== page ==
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AAP issues guidance on care for dental trauma

Article

The American Academy of Pediatrics (AAP) and its Section on Oral Health have issued a clinical report on managing dental trauma in children aged 1 to 21 years in the primary care setting.

 

The American Academy of Pediatrics (AAP) and its Section on Oral Health have issued a clinical report on managing dental trauma in children aged 1 to 21 years in the primary care setting.

Experts say the guidelines are important because children with dental injuries often go to their medical homes before they see their dentists, and an injured tooth’s survival is time dependent.

According to the International Association of Dental Traumatology (IADT), about 1 in every 4 school-aged children experiences some sort of dental trauma. In addition, about 1 in every 3 adults experiences trauma to permanent teeth with the majority of injuries occurring before age 19 years.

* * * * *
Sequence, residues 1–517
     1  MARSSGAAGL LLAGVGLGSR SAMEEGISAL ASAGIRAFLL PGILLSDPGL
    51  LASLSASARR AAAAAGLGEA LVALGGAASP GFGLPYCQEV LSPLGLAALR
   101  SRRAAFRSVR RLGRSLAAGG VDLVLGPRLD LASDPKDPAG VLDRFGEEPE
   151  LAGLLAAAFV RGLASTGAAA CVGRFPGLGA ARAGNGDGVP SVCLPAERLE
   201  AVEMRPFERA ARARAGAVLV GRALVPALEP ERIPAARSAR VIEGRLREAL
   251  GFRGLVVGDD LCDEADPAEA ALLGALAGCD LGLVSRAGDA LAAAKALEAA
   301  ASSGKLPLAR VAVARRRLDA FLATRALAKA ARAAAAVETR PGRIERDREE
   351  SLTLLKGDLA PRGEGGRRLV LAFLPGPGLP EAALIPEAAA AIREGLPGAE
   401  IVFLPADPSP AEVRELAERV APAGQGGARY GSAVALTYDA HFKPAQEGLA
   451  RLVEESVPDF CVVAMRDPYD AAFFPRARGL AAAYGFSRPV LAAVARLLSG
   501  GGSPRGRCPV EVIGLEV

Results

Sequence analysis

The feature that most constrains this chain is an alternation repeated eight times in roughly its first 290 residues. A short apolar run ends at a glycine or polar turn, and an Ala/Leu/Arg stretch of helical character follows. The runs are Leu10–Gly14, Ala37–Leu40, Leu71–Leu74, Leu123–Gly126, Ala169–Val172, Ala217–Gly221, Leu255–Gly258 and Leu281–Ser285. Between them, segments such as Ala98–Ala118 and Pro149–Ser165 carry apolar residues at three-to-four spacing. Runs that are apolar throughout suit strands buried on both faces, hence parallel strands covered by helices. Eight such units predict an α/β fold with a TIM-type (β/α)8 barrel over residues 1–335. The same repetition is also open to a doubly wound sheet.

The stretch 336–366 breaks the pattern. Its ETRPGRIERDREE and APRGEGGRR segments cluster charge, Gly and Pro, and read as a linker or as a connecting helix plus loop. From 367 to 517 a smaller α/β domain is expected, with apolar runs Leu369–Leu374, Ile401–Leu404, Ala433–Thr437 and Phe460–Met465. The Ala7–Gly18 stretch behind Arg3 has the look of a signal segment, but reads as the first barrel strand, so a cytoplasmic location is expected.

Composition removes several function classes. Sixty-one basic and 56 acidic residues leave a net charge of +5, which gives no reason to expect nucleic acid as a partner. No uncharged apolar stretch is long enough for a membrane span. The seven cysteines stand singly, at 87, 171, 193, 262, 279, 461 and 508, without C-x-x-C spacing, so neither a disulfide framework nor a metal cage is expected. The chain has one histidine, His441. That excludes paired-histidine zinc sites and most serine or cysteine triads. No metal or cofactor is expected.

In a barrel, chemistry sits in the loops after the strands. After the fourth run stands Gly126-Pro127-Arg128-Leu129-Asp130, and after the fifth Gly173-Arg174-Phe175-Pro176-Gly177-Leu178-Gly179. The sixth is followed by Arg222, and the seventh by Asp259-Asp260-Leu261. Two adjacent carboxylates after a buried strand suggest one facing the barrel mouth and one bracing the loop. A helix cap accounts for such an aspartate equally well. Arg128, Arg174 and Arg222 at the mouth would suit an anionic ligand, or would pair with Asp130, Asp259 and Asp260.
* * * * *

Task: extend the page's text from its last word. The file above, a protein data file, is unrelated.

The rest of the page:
The report outlines a systematic approach to assessing dental trauma, including the initial clinical assessment, administration of first aid, and a determination of whether radiographic assessment is necessary.

The report then reviews the basic dental trauma classifications and the necessary immediate treatment for each type of injury. The guidelines pay particular attention to outlining the differences in treatment recommendations for primary and permanent tooth injuries and also to recognizing when injuries require immediate treatment by a dentist versus when they can be initially managed by a primary care provider and then subsequently referred to a dentist.

In addition, the report suggests that pediatricians counsel parents and caregivers about ways to help their children reduce the risk of dental trauma, for example, by wearing mouth guards for sports, and that they establish relationships with local general and pediatric dentists to facilitate referral of patients.

For more information, visit the IADT online dental trauma guide.


 

 

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